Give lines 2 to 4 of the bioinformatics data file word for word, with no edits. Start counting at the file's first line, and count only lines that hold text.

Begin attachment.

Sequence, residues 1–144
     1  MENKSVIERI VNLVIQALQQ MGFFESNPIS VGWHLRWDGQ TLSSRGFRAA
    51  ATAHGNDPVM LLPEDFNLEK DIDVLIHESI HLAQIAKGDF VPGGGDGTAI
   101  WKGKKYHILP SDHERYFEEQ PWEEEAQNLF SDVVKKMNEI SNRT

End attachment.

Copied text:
     1  MENKSVIERI VNLVIQALQQ MGFFESNPIS VGWHLRWDGQ TLSSRGFRAA
    51  ATAHGNDPVM LLPEDFNLEK DIDVLIHESI HLAQIAKGDF VPGGGDGTAI
   101  WKGKKYHILP SDHERYFEEQ PWEEEAQNLF SDVVKKMNEI SNRT